Victor Fong

Victor Fong's picture
Postdoctoral Associate in East Asian Studies and Lecturer in History
Areas of interest : 
Subjecthood and Citizenship; Ethnicity and Identity; Law and Frontiers in Medieval and Late Imperial China; Missionaries in Imperial China; Hong Kong Legal History

My research interests primarily lie in law and the flow of people and ideas between China and the world. I co-authored my first monograph, The Spread and Restrictions of Catholicism under the Judicial Perspective in Ming and Qing China 天道廷審: 明清司法視野下天主教的傳播與限制 (2021), to discuss how the imperial Chinese law regulated as well as negotiated with European missionaries and Catholicism during the Ming (1368-1644) and Qing (1644-1912) periods. My doctoral project examines the early Tang (618-755) conceptions and institutions of subjecthood to explore how the Tang law and administration asserted control over a large multi-ethnic population with immigrants from the Türk highlands, Sogdiana, Persia, as well as present-day Japan, and Korea.

In exploring the premodern world, I am also interested in how ancient history is represented and used in our times. My several publications discuss the significance of Tang history in the ‘China Dream’, and how literary Chinese teaching may also play a role in that political notion. I participated in a Hong Kong TV talk show to promote history to the general public, too.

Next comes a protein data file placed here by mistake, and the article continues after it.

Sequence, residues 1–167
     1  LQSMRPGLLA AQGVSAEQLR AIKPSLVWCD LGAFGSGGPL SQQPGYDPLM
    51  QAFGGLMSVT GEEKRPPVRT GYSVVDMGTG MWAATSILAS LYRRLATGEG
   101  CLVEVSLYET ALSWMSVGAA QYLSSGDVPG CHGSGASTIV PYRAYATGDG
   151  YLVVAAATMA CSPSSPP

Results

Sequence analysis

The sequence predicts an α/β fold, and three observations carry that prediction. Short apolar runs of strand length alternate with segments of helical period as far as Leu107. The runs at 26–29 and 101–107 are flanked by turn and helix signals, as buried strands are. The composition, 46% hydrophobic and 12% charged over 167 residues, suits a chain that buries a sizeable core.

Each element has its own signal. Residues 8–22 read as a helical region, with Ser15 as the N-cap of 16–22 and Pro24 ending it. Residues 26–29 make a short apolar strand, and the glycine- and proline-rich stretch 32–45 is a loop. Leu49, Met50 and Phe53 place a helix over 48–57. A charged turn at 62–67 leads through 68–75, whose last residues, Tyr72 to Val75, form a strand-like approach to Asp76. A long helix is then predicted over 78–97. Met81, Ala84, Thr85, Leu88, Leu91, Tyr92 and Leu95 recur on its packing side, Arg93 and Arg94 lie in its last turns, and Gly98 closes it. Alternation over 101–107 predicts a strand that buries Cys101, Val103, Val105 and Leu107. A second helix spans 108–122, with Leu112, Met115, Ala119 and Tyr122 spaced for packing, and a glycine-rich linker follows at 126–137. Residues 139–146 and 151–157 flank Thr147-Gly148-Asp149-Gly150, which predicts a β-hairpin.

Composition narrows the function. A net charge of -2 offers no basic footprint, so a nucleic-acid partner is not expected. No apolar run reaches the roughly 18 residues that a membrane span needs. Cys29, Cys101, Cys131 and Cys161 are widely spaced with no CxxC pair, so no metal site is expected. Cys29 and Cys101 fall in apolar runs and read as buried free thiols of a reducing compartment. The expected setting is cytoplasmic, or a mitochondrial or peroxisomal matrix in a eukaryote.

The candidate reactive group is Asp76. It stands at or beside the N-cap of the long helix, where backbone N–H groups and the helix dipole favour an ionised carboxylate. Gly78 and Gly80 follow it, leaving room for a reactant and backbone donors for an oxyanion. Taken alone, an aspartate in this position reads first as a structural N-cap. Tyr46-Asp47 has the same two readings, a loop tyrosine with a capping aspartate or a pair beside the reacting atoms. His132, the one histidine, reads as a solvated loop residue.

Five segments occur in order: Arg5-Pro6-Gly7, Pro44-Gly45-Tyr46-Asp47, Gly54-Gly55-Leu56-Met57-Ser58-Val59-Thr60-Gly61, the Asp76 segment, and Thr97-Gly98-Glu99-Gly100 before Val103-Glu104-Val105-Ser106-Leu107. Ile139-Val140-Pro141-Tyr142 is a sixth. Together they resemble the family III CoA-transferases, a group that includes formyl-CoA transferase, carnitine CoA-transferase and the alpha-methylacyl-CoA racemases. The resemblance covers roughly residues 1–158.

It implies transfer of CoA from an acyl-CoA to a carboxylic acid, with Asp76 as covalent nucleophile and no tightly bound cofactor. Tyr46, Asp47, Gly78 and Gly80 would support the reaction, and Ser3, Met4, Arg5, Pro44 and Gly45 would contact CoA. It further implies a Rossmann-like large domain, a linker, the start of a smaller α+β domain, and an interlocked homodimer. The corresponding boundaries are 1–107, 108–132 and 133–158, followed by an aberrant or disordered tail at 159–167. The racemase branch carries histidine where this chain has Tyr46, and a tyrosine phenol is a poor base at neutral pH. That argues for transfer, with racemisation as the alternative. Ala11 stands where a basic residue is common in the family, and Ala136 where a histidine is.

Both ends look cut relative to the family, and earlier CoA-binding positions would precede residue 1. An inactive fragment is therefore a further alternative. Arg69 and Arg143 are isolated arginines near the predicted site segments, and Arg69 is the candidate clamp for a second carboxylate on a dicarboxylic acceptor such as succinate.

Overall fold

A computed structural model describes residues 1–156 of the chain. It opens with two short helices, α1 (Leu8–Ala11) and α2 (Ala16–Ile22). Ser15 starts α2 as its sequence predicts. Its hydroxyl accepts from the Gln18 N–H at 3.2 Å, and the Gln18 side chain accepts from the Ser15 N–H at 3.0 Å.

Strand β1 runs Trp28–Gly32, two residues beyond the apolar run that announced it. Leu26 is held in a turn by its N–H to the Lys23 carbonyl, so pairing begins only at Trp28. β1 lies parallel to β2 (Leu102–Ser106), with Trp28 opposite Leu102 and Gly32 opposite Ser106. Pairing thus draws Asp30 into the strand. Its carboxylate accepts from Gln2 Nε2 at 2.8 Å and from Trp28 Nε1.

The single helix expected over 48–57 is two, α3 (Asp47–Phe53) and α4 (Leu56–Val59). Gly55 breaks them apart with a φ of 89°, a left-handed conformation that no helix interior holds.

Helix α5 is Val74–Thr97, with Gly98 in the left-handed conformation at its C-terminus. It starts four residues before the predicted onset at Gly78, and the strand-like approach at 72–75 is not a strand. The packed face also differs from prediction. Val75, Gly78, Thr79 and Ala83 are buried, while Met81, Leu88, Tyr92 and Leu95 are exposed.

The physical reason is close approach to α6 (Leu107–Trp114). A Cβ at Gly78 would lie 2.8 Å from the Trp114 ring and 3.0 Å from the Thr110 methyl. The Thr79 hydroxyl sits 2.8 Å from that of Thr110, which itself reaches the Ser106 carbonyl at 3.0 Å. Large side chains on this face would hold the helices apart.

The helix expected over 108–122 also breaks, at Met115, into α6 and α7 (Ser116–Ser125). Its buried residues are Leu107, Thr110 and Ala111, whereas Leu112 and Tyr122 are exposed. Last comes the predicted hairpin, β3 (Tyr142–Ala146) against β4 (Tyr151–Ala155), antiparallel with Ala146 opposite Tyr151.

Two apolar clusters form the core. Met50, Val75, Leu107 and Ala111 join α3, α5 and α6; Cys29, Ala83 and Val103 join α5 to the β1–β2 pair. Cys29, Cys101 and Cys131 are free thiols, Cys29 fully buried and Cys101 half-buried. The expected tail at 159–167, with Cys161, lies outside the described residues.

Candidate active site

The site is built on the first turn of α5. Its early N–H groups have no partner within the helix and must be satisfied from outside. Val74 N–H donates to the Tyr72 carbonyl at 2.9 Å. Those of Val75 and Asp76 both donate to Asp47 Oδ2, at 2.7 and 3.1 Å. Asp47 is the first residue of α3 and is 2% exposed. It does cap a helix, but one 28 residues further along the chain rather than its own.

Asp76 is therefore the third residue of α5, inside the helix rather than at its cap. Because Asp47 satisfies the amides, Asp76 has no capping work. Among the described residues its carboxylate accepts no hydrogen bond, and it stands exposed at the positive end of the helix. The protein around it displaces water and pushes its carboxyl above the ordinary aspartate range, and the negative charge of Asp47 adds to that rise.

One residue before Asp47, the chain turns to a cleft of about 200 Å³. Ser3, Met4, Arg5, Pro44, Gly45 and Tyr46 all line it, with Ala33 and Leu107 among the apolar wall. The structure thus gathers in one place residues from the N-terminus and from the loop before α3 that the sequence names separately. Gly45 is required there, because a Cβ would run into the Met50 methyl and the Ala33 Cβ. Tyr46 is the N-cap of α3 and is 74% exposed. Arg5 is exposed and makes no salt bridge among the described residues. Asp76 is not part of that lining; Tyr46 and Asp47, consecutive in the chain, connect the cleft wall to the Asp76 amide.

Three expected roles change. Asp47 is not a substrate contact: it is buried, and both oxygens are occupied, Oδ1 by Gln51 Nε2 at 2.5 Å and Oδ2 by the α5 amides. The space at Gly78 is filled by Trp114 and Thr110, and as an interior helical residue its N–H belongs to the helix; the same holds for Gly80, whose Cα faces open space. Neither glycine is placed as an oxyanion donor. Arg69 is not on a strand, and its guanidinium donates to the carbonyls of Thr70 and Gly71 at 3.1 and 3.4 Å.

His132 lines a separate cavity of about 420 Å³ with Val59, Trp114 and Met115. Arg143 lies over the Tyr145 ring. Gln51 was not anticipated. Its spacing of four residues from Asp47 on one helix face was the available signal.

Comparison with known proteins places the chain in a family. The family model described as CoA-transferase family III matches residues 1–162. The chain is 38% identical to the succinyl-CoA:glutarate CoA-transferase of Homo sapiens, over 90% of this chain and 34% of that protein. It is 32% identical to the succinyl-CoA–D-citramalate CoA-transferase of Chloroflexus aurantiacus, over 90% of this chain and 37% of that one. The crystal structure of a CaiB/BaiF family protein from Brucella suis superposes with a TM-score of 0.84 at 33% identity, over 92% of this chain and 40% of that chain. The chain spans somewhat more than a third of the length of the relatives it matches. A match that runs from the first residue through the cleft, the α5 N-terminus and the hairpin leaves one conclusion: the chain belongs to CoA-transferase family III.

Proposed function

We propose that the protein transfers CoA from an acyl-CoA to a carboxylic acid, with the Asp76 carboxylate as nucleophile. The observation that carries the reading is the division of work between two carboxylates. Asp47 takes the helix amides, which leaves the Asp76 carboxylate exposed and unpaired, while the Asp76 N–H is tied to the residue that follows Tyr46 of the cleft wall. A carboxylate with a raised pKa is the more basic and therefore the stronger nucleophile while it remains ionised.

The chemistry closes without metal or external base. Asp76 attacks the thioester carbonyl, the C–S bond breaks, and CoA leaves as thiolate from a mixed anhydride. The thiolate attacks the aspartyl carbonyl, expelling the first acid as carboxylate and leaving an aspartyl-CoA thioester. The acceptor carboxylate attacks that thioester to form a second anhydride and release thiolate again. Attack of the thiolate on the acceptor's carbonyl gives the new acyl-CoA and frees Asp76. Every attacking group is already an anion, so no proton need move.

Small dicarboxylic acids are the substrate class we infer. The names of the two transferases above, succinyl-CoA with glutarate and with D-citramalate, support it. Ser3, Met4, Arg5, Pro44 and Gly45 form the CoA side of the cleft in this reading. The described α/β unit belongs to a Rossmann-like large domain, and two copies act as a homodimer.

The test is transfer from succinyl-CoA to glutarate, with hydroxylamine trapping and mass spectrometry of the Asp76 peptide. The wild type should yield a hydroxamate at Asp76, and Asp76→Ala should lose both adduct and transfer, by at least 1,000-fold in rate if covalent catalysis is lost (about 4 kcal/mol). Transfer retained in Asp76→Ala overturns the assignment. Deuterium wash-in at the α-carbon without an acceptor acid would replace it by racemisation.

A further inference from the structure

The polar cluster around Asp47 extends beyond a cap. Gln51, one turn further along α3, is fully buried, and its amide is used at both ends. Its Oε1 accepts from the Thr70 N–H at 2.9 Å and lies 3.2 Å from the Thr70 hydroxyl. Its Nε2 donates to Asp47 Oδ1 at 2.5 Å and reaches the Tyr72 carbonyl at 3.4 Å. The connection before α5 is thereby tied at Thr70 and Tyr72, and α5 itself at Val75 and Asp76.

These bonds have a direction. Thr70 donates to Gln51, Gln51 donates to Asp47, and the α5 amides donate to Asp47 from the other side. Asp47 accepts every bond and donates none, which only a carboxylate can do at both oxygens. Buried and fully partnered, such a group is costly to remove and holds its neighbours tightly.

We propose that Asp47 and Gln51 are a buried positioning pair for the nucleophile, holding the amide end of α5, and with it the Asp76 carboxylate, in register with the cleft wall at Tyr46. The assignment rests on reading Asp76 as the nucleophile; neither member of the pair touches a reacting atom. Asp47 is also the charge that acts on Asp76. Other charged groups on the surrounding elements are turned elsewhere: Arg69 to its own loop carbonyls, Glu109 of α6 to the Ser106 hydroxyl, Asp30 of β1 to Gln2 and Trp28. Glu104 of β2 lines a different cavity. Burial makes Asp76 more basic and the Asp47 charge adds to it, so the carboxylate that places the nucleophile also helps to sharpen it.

I earned my BA and MPhil degrees from Hong Kong Baptist University and my Ph.D. from the Australian National University. I am always grateful for the scholarships I received from Hong Kong, the Australian Government, and Japan Foundation.


EAST 403, HIST 310

Law and Order in East Asia to 1800

Law is not only a practical instrument but has also shaped East Asian civilization. In implementing the governance blueprints of rulers and thinkers, law formulated the operations of East Asian empires and kingdoms, as well as their people’s life in nearly all aspects. This course introduces students to the law and legal systems in premodern East Asia. Starting with early legal theories, it explores the traditional East Asian ideas of ‘justice’ and how the law attempted to achieve them under imperial rule and major religious beliefs. By careful and critical reading of premodern codes and court cases, we also seek to trace the life experiences of commoners under such laws and systems. We try to understand the conflicts and tensions among the people through their frustrations in disputes, their pains in different kinds of violence, and other issues.

Term: Spring 2024
Day/Time: W 1:30 PM - 3:20 PM